Nissen was the National Program Director for the Robert Wood Johnson Foundation Reclaiming Futures initiative for 11 years where she was able to bring futurists into the initiative for help.

“We look forward to collaborating with the new lab as it builds the necessary tools and perspectives to overcome the limitations of ‘short-termism,’ fostering a deep bench of foresight leaders within the social work field,” stated Lyn Jeffery, director of the Institute for the Future’s foresight training programs in the press release.

According to the press release, the social work futures lab will also look at “the ways the ‘future of work’ might impact social workers themselves who work with social determinants of health issues, including the ways that roles, tools and methods may expand and become even more interdisciplinary and more technological in the coming years.”

“If we can create a knowledge base among social work educators that is relevant and owned by social work educators and then promote that,” Nissen said. “That [knowledge] is really one of the best access points for getting our profession future-ready.”

Interim President Steven Percy stated in the press release: “Portland State University has a long tradition of asking innovative questions and providing the leadership to partner with communities to answer them. We are excited to continue this tradition with this project.”

PSU Futures Collaboratory

The National Social Work Health Education futures lab is actually the second futurist based initiative at PSU.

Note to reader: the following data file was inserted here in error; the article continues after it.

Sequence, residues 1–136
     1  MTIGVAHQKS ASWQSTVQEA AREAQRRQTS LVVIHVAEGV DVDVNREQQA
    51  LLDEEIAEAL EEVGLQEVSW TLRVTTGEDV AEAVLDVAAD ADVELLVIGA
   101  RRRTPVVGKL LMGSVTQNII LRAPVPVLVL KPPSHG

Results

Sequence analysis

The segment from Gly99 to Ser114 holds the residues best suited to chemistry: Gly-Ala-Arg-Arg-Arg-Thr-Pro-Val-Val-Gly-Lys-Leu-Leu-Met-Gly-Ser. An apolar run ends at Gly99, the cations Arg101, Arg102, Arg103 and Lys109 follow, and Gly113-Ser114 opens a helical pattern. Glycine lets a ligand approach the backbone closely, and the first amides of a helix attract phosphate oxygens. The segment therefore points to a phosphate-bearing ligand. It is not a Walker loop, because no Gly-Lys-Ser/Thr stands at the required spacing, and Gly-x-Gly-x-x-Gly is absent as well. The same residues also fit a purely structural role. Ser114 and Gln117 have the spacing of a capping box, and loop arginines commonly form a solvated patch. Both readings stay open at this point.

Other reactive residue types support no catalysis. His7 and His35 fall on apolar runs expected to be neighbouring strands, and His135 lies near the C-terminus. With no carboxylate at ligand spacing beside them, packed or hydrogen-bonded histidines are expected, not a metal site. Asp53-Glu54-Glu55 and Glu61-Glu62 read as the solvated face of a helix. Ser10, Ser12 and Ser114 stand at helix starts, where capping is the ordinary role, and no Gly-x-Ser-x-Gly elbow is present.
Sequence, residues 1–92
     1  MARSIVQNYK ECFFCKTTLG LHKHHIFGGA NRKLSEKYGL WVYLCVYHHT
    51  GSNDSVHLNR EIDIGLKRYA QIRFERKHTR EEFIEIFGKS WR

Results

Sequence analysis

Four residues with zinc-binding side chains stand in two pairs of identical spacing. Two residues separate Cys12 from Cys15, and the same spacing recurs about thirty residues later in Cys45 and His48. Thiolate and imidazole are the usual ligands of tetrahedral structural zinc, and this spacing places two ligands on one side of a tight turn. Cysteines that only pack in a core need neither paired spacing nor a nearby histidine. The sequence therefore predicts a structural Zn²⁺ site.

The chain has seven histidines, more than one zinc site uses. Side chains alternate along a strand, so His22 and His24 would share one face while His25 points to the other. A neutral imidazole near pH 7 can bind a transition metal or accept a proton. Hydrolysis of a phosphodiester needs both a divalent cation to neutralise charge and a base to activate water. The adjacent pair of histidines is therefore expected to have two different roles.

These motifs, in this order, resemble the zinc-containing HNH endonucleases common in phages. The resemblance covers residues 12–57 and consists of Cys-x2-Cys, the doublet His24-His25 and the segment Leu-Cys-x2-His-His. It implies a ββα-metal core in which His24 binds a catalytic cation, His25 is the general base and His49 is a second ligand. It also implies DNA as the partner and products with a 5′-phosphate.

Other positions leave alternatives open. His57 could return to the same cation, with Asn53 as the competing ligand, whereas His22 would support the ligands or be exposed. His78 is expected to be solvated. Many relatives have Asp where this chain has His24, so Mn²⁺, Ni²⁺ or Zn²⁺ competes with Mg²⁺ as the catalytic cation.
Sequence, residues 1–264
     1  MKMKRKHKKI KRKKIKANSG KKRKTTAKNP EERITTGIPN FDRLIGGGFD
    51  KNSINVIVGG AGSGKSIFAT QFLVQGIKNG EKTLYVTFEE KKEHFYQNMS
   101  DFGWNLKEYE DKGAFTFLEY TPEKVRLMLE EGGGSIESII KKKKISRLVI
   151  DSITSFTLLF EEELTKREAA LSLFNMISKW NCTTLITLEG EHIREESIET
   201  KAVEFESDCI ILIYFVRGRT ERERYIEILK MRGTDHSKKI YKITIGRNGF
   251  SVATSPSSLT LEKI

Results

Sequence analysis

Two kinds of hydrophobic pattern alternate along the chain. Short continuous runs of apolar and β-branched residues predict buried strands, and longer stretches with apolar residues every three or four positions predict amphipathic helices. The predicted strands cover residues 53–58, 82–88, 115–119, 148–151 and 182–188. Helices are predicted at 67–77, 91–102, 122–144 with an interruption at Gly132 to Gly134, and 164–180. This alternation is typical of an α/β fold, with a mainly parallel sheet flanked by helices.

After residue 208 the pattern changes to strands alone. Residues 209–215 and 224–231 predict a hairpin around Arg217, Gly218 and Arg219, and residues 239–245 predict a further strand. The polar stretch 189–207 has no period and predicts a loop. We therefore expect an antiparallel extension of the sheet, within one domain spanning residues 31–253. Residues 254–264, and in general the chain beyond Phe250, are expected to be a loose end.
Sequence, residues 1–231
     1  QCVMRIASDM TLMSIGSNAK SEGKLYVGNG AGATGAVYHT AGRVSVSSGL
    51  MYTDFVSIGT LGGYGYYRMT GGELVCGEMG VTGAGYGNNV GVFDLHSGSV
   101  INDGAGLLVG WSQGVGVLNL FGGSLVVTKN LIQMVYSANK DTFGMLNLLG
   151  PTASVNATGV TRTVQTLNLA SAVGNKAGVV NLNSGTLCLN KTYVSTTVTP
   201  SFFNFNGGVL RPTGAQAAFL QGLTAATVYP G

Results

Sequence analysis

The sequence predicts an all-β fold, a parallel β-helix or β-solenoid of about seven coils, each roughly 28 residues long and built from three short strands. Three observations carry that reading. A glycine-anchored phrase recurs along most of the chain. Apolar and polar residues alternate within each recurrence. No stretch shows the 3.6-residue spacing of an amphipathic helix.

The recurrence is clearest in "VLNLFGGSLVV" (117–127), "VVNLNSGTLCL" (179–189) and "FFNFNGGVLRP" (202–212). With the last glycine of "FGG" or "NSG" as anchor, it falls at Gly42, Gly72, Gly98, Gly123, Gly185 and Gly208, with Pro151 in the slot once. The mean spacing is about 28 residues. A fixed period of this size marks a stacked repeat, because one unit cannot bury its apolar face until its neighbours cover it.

The PSU Futures Collaboratory started at the beginning of the fall 2019 quarter. The Collaboratory, also run by Nissen, is a PSU presidential initiative bringing together approximately 30 faculty, staff and students across different disciplines to learn more about futures practice. 

Through monthly meetings, members of the Collaboratory interact with futurists from around the country and work on projects focusing on how to “get PSU more ready for the future.” At the end of the academic year, they hope to present President Percy with recommendations on how PSU can be more forward facing. 

“PSU’s effort is a school-wide interdisciplinary effort,” Nissen said. “[While] the social work futures lab is a national discipline-specific effort.” 

According to Nissen: “They are both about the future and they are both about learning future skills and applying them in interesting ways. One is discipline specific. One is cross-disciplinary.” 

For Nissen, the lab is expected to exponentially expand the “great work that PSU does” allowing scholars to intersect with PSU in new ways.

“Portland State is proud to provide a convening space for these vitally important dialogues for our profession nationally,” stated Dr. Jose Coll, dean of School of Social Work.

“This effort will give us rare protected space and the opportunity to engage in exploration of the answers to [questions].”

“[Reclaiming Futures] is actually still going on in the regional research institute,” Nissen said. “So just that in itself is really prestigious and important. They have a lot of faith in us.”

As this lab will be the first of its type in the nation, Nissen said, “It is a little bit experimental. What it is going to do, I believe, is amplify the really important themes that social work works on. Things like equity, racism and sexism. They are so important that we need to avail ourselves of every kind of tool that we can to address them in our practice.”